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Journal Article


Budnitz DS, Lovegrove MC, Geller RJ. J. Am. Med. Assoc. JAMA 2020; ePub(ePub): ePub.


(Copyright © 2020, American Medical Association)






As the US struggled to address the rapid increase in prescription drug overdoses among adults in the 2000s, the number of medication overdoses among young children also increased from an estimated 57 000 emergency department (ED) visits among children younger than 6 years in 2004 to an estimated 81 000 in 2010. In contrast to adult overdoses, however, medication overdoses among young children have significantly declined since 2010, to an estimated 46 000 ED visits in 2018 (CDC unpublished data, February 2020). The vast majority of these overdoses (95%) involved unintentional exposures by children, and 5% involved errors from adults administering medications to children. While prescription status and owner of the medication were not always specified, the estimated proportions of these overdoses specifically related to prescription medications and over-the-counter (OTC) medications were 41% and 28%, respectively, for medications intended for use by adults and 6% and 11%, respectively, for medications intended for use by children (CDC unpublished data, February 2020).

How was the increasing trend in the 2000s reversed over the subsequent decade since 2010? Attributing national trends to specific interventions is difficult; however, efforts to improve safety packaging for medications, standardize dosing instructions, and educate adults on safe medication use and storage likely contributed.

First, changes in the packaging of liquid medications began in the 2010s. Since the Poison Prevention Packaging Act of 1970 (PPPA), nearly all prescription and OTC medications have been sold in bottles with child-resistant closures. If always used correctly, safety closures are effective in slowing children's access to bottle contents; however, bottles are easily opened by young children when caps are not immediately and fully secured. Beginning in 2011, OTC medication manufacturers and several pharmacy retailers voluntarily began adding "flow restrictors" to bottles of infants' acetaminophen (paracetamol) and prescription liquids. Flow restrictors narrow or fully occlude the opening of the bottle and limit the release of medication until the bottle is squeezed or the opening is penetrated with an oral syringe, thereby providing passive poisoning protection even if a child-resistant closure is removed (eFigure 1 in the Supplement). From 2012 to 2015, both the number of calls to poison centers for unintentional pediatric acetaminophen exposures and the amount of acetaminophen ingested have declined, and, in 2015, the US Food and Drug Administration (FDA) recommended flow restrictors for all pediatric OTC liquids containing acetaminophen. Further reductions in exposures would be expected if flow restrictor use was expanded to additional OTC medications with high rates of pediatric ingestions (eg, diphenhydramine) and to prescription medications by additional pharmacy retailers.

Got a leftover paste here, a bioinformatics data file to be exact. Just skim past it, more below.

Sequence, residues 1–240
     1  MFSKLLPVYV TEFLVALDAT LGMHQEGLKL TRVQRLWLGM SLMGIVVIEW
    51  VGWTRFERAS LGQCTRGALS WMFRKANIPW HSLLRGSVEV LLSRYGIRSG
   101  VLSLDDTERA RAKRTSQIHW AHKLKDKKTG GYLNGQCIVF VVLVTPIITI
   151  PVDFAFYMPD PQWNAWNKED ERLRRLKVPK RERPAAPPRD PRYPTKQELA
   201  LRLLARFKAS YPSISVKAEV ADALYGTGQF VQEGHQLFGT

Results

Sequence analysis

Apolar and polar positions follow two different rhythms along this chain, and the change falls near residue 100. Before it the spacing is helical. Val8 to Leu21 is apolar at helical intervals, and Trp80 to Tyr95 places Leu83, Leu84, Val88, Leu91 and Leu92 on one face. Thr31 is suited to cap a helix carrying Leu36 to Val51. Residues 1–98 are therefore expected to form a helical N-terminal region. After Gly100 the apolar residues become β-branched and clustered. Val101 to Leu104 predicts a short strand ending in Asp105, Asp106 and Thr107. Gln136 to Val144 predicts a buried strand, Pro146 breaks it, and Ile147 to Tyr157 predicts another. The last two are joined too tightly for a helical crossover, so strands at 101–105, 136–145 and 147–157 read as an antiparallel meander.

Second, changes in dosing pediatric liquid medications have been underway to reduce errors leading to overdoses. Throughout the 20th century, teaspoonfuls and tablespoonfuls were the most commonly used dosing units, and kitchen spoons were the dosing instruments of choice. However, kitchen spoons are not calibrated to dose medications, and many prescribed doses can only be measured accurately using milliliters (mL), leading to a confusing mix of dosing units for caregivers to navigate. Therefore, in the 2010s, medication manufacturers, federal health agencies, standards organizations, and health care professionals collaborated to promote universal use of metric units for oral pediatric liquids...

Language: en


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